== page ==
Trucking experiences largest job growth in nearly four years

By Tyson Fisher, Land Line staff writer | Friday, March 10, 2017

After a bad start to the year, employment in the transportation sector and trucking subsector quickly rebounded in February. The transport sector added nearly 9,000 jobs to the economy, including more than 10,000 trucking jobs. Trucking’s employment surge is the largest since April 2013 when the subsector grew by 11,700 jobs.

In the first two months, the trucking subsector started 2017 at a net gain of 9,200 jobs. The truck transportation subsector experienced an increase of 10,600 jobs in February after the industry lost 1,400 in January and gained 1,400 in December. For the year, the trucking subsector had a net loss of 2,500 jobs in 2016.

In 2016, the transportation and warehousing sector had a net gain of more than 19,000 jobs. In January, transportation lost more than 20,000 jobs, the largest decrease since January 2011 when 38,000 jobs were eliminated from the economy.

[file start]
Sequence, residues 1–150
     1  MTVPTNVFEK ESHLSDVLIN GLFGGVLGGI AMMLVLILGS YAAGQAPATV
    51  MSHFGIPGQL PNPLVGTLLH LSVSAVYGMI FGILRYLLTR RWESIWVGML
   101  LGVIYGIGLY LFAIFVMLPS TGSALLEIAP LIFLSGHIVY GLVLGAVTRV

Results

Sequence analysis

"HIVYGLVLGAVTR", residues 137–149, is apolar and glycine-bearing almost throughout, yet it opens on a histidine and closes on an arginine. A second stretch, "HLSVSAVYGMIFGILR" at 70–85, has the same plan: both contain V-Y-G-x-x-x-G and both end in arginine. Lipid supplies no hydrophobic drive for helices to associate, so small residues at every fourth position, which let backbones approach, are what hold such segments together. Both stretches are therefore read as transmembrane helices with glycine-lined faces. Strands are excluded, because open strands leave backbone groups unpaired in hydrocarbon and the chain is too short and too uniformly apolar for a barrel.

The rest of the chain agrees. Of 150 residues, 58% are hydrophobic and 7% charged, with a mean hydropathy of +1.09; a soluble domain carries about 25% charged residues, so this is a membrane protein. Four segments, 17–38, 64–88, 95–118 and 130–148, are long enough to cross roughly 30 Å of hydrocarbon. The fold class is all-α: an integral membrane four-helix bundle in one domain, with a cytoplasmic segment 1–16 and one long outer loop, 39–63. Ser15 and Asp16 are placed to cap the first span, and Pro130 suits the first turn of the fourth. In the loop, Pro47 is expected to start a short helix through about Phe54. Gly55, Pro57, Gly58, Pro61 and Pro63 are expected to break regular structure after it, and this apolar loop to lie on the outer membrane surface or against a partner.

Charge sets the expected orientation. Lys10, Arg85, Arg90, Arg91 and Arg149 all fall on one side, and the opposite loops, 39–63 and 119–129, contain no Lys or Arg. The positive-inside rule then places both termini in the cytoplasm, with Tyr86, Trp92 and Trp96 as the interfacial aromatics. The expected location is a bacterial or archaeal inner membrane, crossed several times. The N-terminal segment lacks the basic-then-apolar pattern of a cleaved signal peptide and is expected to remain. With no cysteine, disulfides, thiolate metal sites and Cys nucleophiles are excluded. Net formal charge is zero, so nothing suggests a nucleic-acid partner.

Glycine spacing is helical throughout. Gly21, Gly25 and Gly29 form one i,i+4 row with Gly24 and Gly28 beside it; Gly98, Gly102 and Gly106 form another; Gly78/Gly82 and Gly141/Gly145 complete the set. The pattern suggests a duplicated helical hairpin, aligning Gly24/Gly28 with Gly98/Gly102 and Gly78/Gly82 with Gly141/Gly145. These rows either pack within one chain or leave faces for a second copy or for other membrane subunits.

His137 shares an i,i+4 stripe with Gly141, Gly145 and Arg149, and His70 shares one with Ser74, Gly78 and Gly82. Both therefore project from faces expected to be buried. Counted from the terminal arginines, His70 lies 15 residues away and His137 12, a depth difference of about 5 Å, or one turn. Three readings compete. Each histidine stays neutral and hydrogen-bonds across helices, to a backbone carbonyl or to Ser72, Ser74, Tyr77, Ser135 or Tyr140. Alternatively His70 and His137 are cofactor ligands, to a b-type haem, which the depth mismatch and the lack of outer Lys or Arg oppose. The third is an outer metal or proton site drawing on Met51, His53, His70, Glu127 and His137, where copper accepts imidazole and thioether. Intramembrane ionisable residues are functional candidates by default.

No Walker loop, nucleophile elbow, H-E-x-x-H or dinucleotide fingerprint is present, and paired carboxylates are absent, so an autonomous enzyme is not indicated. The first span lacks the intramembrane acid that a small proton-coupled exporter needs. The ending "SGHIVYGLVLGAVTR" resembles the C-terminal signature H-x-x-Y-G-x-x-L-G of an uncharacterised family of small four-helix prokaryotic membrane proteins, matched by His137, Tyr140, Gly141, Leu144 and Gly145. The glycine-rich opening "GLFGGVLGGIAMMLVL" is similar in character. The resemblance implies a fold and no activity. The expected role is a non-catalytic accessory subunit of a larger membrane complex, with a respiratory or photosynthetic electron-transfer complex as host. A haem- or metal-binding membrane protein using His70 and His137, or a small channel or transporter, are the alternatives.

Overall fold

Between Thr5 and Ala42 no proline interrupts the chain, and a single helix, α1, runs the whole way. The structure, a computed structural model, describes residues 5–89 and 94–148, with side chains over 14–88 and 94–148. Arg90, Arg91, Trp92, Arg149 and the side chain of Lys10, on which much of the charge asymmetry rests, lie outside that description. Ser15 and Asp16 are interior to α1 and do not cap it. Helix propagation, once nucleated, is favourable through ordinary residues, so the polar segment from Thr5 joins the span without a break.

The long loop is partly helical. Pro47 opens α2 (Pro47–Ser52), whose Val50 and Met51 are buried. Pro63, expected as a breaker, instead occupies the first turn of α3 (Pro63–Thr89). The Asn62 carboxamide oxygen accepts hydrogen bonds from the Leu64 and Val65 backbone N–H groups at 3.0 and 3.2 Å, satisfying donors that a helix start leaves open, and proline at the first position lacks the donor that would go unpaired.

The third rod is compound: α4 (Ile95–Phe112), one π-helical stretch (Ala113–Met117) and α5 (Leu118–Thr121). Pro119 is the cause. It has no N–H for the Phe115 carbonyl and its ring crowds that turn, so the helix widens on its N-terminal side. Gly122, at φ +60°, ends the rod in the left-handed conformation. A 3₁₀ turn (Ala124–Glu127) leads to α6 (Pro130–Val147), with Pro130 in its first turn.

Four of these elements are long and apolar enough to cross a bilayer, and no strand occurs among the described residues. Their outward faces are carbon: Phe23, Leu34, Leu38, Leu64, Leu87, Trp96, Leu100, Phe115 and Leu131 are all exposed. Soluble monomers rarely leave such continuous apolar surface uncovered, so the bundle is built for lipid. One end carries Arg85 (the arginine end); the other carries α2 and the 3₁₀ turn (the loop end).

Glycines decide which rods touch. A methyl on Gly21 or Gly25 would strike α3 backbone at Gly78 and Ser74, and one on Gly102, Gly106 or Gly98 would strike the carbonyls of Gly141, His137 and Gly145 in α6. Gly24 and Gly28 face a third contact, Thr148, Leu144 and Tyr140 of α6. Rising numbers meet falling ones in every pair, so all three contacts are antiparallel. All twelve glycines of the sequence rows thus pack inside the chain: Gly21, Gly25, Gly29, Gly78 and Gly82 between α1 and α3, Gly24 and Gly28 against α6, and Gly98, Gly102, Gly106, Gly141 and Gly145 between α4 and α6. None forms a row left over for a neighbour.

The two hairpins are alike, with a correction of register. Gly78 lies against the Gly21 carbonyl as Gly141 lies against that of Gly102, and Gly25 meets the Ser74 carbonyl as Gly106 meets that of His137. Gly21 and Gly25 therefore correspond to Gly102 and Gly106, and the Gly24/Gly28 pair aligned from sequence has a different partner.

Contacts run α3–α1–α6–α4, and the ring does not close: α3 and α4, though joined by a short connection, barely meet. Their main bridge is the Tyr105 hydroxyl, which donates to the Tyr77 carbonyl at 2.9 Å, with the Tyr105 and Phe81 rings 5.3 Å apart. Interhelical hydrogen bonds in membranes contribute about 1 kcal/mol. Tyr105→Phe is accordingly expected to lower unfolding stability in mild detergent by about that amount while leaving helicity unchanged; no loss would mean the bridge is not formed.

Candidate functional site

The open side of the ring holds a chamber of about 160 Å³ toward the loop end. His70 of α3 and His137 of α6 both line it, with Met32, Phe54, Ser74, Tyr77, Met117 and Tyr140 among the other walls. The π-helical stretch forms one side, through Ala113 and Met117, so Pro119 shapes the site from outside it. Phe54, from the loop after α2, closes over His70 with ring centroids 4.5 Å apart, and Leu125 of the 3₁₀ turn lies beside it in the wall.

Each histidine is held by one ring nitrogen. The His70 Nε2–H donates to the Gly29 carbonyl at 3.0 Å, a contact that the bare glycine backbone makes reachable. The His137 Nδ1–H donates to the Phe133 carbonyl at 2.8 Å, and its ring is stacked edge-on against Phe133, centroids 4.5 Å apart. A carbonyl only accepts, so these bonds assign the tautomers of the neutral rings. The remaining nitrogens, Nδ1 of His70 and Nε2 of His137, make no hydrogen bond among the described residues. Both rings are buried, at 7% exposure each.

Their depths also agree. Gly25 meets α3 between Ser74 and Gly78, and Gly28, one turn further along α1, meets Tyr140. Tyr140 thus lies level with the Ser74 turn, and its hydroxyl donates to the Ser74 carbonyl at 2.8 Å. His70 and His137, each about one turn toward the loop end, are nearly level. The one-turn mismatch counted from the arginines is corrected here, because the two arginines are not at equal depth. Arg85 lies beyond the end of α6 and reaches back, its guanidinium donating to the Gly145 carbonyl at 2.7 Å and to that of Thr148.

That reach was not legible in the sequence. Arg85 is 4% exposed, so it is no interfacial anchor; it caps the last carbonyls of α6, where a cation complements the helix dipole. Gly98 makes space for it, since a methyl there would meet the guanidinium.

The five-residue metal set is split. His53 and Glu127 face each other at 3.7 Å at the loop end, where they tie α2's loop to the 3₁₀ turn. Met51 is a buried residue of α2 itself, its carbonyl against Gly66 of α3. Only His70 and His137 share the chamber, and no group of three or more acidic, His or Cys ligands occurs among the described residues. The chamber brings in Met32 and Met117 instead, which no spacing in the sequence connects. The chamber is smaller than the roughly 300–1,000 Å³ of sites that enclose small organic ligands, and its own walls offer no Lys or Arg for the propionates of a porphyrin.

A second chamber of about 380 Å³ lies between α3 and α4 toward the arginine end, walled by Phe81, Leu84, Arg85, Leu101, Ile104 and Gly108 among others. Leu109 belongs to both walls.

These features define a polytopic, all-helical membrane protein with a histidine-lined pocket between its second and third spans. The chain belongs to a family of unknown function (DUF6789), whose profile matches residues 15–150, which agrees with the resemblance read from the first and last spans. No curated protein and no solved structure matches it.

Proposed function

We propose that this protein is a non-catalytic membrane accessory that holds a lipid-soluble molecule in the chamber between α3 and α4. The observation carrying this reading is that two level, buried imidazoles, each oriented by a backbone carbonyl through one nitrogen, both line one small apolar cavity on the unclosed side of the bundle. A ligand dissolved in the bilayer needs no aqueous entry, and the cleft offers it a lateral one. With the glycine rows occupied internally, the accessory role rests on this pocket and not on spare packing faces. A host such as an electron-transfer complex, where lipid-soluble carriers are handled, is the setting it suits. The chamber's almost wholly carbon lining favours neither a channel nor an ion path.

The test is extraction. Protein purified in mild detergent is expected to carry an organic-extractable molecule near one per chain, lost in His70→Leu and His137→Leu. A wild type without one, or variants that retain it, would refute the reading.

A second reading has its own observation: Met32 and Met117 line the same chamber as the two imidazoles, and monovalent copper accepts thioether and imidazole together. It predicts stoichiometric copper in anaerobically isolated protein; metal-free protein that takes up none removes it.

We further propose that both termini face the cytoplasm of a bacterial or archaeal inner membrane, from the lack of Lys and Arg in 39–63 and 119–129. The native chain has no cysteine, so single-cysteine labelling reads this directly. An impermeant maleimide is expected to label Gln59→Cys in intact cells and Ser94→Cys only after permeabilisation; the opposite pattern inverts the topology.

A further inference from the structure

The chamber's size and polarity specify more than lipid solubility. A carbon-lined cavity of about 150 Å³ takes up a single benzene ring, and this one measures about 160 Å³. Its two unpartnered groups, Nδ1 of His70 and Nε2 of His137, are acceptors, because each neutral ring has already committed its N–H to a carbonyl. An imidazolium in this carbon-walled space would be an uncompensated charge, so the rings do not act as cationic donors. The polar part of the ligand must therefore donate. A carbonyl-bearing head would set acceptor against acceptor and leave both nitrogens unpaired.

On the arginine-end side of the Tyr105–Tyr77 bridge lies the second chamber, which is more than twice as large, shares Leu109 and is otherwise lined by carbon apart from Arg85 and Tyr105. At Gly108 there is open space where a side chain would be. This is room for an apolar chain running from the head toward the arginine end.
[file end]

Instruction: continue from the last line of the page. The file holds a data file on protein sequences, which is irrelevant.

The trucking subsector experienced the largest increase by a wide margin, followed by transit and ground passenger transportation at 1,400. Warehousing and storage experienced the largest loss with 1,500 fewer jobs, trailed by rail transport with 1,100 jobs lost. Only four of 10 subsectors experienced gains, making trucking largely responsible for the transportation sector’s net increase.

Average hourly earnings for the transportation and warehousing sector were $23.59 for February – a 4-cent increase from January. Hourly earnings for production and nonsupervisory employees experienced an increase of 8 cents to $21.04. Average hourly earnings for private, nonfarm payrolls across all industries were $26.09, 6 cents higher from the previous month. Compared with a year ago, average earnings have gone up by 2.8 percent.

According to the report, the unemployment rate for transportation and material moving occupations is up to 7.3 percent from 6.6 percent last February, and up from 7 percent in January. The overall unemployment rate for the country was down to 4.7 percent from 4.8 percent the previous month. The number of long-term unemployed was down slightly at 1.8 million, accounting for nearly one-quarter of the unemployed.

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